Government Response to Senate Economics References Committee Report
The Government's response to the Senate Report, Investing for good: the development of a capital market for the not-for-profit sector in Australia was tabled in the Senate out of session on 19 July 2012. The report relates to the 2011 inquiry into mechanisms and options for the development of a capital market for social economy organisations and the development of social impact investment markets more generally.
Productivity Commission report into the Contribution of the Not-For-Profit Sector
On 11 February 2010 the Productivity Commission released the Contribution of the Not-For-Profit Sector research report. The report includes a number of recommendations relating to social investment in Australia.
Report on Corporate Philanthropy and the Not-for-Profit Sector
Mr Michael Danby MP was appointed Special Adviser to the Treasurer and Deputy Prime Minister on corporate philanthropy and the not-for-profit sector in late 2010. Mr Danby is to lead development of a report looking at ways to promote a greater contribution by business to the not-for-profit sector, which is due to be delivered to the Government in mid 2011.
Treasury Review of Ancillary Funds
Public and private ancillary funds are legal structures which are often used to establish philanthropic foundations.
Private ancillary funds are generally established by families, individuals or companies who wish to donate to their own charitable trust. Public ancillary funds are funds which engage in public fundraising or to which the public can donate, such as community foundations. In both types of fund, a core asset base is invested, and a financial return on those investments is accrued. A proportion of the assets or return is then distributed for charitable purpose usually through grants.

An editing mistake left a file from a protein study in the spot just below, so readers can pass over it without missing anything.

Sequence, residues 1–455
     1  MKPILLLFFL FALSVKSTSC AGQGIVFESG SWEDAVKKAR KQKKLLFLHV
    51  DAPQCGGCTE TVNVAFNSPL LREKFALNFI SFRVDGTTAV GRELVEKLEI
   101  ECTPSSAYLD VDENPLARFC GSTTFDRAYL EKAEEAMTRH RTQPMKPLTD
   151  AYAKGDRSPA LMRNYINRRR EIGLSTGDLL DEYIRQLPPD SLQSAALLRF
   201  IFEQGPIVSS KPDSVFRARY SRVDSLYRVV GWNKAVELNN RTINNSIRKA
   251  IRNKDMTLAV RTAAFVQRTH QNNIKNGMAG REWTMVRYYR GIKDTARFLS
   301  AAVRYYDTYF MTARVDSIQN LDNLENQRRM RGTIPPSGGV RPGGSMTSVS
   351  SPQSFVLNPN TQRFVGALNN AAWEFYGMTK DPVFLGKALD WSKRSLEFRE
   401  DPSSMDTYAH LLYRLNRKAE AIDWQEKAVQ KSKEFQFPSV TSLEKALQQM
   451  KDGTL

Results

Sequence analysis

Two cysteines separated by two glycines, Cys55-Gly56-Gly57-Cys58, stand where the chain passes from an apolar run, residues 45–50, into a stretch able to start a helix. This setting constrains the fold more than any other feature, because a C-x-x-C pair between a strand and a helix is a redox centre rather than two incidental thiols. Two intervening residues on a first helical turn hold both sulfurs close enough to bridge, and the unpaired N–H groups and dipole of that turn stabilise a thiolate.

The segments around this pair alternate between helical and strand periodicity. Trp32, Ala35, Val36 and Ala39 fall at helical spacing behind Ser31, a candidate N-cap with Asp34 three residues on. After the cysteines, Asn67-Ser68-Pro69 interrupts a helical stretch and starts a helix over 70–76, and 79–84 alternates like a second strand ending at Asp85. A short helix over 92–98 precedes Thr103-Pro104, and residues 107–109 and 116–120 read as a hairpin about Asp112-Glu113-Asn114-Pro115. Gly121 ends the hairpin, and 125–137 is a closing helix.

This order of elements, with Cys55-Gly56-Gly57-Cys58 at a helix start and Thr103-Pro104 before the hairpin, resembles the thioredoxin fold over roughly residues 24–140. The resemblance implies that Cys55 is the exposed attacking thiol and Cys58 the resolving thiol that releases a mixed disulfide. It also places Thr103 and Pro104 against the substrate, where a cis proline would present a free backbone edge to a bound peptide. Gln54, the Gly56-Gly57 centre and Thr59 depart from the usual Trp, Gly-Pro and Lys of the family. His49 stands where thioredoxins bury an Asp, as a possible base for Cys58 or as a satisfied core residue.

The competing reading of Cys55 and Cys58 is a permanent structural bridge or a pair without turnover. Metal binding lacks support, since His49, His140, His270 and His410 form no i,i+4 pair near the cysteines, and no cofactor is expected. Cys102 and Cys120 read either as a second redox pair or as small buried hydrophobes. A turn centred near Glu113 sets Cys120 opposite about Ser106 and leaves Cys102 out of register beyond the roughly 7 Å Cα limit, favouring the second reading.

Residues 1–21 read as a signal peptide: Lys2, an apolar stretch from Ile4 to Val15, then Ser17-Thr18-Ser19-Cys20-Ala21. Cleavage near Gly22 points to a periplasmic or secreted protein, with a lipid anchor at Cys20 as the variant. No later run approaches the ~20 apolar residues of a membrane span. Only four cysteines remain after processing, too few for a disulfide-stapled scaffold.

In 2009, the Government introduced new regulatory arrangements for private ancillary funds following a public consultation process. Changes were made requiring that a private ancillary fund distribute 5 per cent of its total assets to charitable purpose each year. These changes are designed to encourage giving by high net worth individuals to increase the flow of philanthropic funds to DGRs. For more information, see the Private Ancillary Fund Guidelines 2009.
In 2010 Treasury conducted a similar review and consultation process regarding the regulatory arrangements around public ancillary funds. The new rules will apply from 1 July 2011. For more information, see Treasury's discussion paper, Improving the integrity of public ancillary funds.
While the majority of philanthropic activity from public and private ancillary funds occurs in the form of grants, funds are also able to provide low interest or patient loans to charitable organisations, or other creative forms of financial support for a social end. Subject to fiduciary duties restrictions on trustees, funds may also choose to invest their corpus or core asset base in investments which offer a social as well as financial return.
The Government is interested in the potential for these funds to engage with the developing social impact investment market in Australia.
Philanthropy Australia report Strategies for Increasing High Net Worth and Ultra High Net Worth Giving
Philanthropy Australia was commissioned by the Commonwealth Government to conduct a series of roundtables to discuss issues and strategies to promote greater giving in Australia. The scope of the work was confined to increasing giving among high and ultra high net worth individuals. The resulting report, Strategies for Increasing High Net Worth and Ultra Net Worth Giving, was published on 17 February 2011.
The report has ten recommendations and, if implemented, could have cost implications for the Government, including the introduction of a new Deductible Gift Recipient status, providing seed/ program funding for a peak body, and providing matching grant funding to encourage philanthropic engagement in specific areas.